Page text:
Binh Dinh Province General Information
Binh Dinh Province, South Central Coast
Region: South Central Coast
Capital: Qui Nhon
Area: 6,066.21 km²
Population: 1,486,918 (2019 Census)
Demographics: Vietnamese, Cham, Ba Na
Calling code: 256
Binh Dinh is a province of Vietnam. It is in Vietnam’s South Central Coast region.
Binh Dinh Province Administration
Binh Dinh is subdivided into 11 district-level sub-divisions:
2 district-level towns
An Nhon (recently upgraded from district status)
1 provincial city
Quy Nhon (capital)
They are further subdivided into 12 commune-level towns (or townlets), 126 communes, and 21 wards.
Binh Dinh province was probably one of the places where the Cham first arrived in what is now Vietnam. Its favourable geography led to the rise of the Cham Port of Thi Nai where Quy Nhon is now located. The city-state of Vijaya was located around this port and the main city, which was further inland. Its centre was in the southern lowland of Binh Dinh. However, its architecture implies that it did not become important until the eleventh or twelfth century.
Vijaya’s architecture also distinguishes it from other Champa centres, since it used a combination of stone and brick elements, while most other Cham structures only used bricks. This suggests some influence from Cambodian Angkor. It also points to the relative abundance of labour in Vijaya compared to other Champa centres of powers, because processing stones for construction was more labour-intensive than the production of bricks.
Vijaya was involved in various wars with neighbouring countries. Major wars were fought with Angkor (now Cambodia) in the 12th and 13th centuries. Around this time Vijaya seems to have been associated with and at times even dominated by the Khmer King Jayavarman VII. Major wars with Vietnam have fought in 1069 and again in the 15th century, which eventually led to the defeat of Vijaya and the demise of Champa in 1471.
Mountains or hills cover the majority of Binh Dinh Province. Elevations range from 0 at the coast to around 1200 meters above sea level in An Lao District in the northwest of the province. While most of the mountains as well as the highest peaks are in the west, there are mountains throughout the province, even near the coast. Most districts of Binh Dinh have a topography that is a mix of mountains or hills and lowlands. The districts of An Lão in the northwest, Vinh Thanh in the west, and Vân Canh in the southwest are mostly mountainous. All other districts have some lowlands.
The largest lowland area is located in the south of the province along the lower Côn River. It encompasses much of Quy Nhon City, the districts of Tuy Phước, An Nhơn, the western part of Phù Cát, and the eastern part of Tây Sơn. Given its size and the access to a major port as well as Binh Dinh’s major river, it has long been the place where most of Binh Dinh’s people and economic activities concentrate. It was the site of Vijaya, one of the major city-states of Champa. The majority of Binh Dinh’s population lives in the districts around this plain.
Other lowland areas are located in the coastal districts of Hoai Nhon, Phù My, Phù Cát, as well as the inland district of Hoài Ân. There are some hills or mountains near the coast in all of the coastal provinces, with the highest peak in Phù Cát at 874m (Ba mountain, Núi Bà) and in Phù My at 602m.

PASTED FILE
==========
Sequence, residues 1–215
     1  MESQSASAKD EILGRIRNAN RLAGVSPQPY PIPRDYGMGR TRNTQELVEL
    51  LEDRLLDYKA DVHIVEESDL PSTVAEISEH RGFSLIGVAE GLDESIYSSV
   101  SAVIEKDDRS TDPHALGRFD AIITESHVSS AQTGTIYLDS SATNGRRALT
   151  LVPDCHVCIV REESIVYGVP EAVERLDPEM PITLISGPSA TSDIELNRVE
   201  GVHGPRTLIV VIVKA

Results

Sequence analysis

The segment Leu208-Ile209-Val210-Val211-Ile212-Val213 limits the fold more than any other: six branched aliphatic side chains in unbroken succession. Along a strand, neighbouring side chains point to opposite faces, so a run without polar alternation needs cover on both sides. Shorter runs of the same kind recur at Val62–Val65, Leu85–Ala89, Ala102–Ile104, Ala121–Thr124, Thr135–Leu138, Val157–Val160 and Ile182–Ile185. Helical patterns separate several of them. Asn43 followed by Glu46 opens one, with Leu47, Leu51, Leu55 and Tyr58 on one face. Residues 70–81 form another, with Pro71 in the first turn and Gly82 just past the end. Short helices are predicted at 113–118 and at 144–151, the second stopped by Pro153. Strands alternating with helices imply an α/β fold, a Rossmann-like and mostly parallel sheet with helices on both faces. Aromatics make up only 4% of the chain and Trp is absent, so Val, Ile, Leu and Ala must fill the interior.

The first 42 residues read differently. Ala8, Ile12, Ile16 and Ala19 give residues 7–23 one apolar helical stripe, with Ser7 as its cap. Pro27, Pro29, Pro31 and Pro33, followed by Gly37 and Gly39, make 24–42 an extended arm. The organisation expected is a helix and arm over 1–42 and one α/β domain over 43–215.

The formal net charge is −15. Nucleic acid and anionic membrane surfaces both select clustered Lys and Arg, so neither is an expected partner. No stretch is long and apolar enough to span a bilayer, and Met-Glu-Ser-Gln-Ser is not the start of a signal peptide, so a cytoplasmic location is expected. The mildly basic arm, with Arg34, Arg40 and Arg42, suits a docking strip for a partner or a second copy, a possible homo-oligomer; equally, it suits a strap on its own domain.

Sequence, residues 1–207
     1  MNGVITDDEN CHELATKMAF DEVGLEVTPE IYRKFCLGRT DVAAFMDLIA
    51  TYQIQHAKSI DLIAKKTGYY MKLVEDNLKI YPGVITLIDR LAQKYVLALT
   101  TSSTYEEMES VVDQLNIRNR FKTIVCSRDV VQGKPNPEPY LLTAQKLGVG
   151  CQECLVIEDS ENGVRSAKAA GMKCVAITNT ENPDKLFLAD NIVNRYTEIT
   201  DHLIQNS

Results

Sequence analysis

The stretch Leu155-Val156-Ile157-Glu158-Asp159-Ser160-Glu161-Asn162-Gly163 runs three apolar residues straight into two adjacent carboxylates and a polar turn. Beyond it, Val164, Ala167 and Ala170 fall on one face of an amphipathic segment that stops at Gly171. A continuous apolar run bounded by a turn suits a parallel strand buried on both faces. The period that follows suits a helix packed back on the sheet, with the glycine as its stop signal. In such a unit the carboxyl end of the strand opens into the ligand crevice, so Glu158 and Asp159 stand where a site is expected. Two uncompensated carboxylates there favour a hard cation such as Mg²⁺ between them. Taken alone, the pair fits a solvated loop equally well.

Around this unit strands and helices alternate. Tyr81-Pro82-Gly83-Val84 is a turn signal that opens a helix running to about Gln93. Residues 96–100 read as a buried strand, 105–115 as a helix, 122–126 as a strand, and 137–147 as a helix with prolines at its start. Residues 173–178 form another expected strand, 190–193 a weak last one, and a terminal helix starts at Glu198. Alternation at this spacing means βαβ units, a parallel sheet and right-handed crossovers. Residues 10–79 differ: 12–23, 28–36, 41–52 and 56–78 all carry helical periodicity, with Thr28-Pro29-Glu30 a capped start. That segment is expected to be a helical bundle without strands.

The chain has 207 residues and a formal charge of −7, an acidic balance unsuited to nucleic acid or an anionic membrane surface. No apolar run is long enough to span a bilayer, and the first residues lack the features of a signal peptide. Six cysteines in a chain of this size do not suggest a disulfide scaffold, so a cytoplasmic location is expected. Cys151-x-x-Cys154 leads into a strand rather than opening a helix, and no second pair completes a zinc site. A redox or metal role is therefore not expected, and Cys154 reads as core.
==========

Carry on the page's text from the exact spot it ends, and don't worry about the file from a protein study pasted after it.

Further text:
Mountains form natural borders to the neighbouring provinces. Cu Mong pass (đèo Cù Mông) is the main border crossing to Phu Yen Province. National Road 1A passes through this pass, while there is another road (1D) along the coast. The border to Gia Lai Province is the most mountainous, with the only road connection at An Khe pass (đèo An Khê) between the towns of Phu Phong in Tây Son District and An Khe in Gia Lai. The border to Quang Ngai Province is also very mountainous, with the major road and railway passing through Binh De Pass (đèo Bình Đê) near Tam Quan.
Côn River is the largest and most important river in Binh Dinh. It forms a small delta north of Quy Nhon. Most of it can be used as an inland waterway for transportation. This is probably one of the reasons why a major centre of power of Champa emerged along this river. Other rivers are Lai Giang River at the centre of the lowland areas of Hoai Nhon and Hoai An in northern Binh Dinh, My Cat River in central Binh Dinh, and Ha Thanh River along the valley in Van Canh District in southern Binh Dinh.
The largest lake is Dinh Binh Lake, an artificial lake that is mainly for irrigation in the highlands of western Binh Dinh. Also in western Binh Dinh is Vinh Son Lake (ho Vinh Son) at Vinh Son Hydropower Station. Other major lakes include Nui Mot Lake (ho Núi Mot) in the south and Hoi Son Lake (ho Hoi Son) in the centre of the province.
Binh Dinh had a population of 1.488 million in 2009, making it the most populous province of the South Central Coast. It has been growing slowly from 2000 to 2007 – at just 0.92% per year on average. As of 2009, 27.8% of the population live in urban areas, up from 19% in 1995 and 24.2% in 2000. More than 40% of the total population live in Quy Nhon and the two suburban districts of An Nhon and Tuy Phuoc. There is another relatively large concentration in the northern Hoai Nhon District with a population of 206,700 (2009) and a population density of 499/km². The population density in the rest of the province range from 30 to 40 in Van Canh, An Lao, and Vinh Thanh to 982 in Quy Nhon.
The eastern lowlands and Tay Son District are largely ethnically homogeneous. There are minorities of Ba Na people in the remote districts of An Lao, Vinh Thanh, and Van Canh. Some Hre people live in An Lao and some Cham in Van Canh. Hoai An’s population is mostly Kinh, but there are some remote communes with large communities of Ba Na and Hre people.
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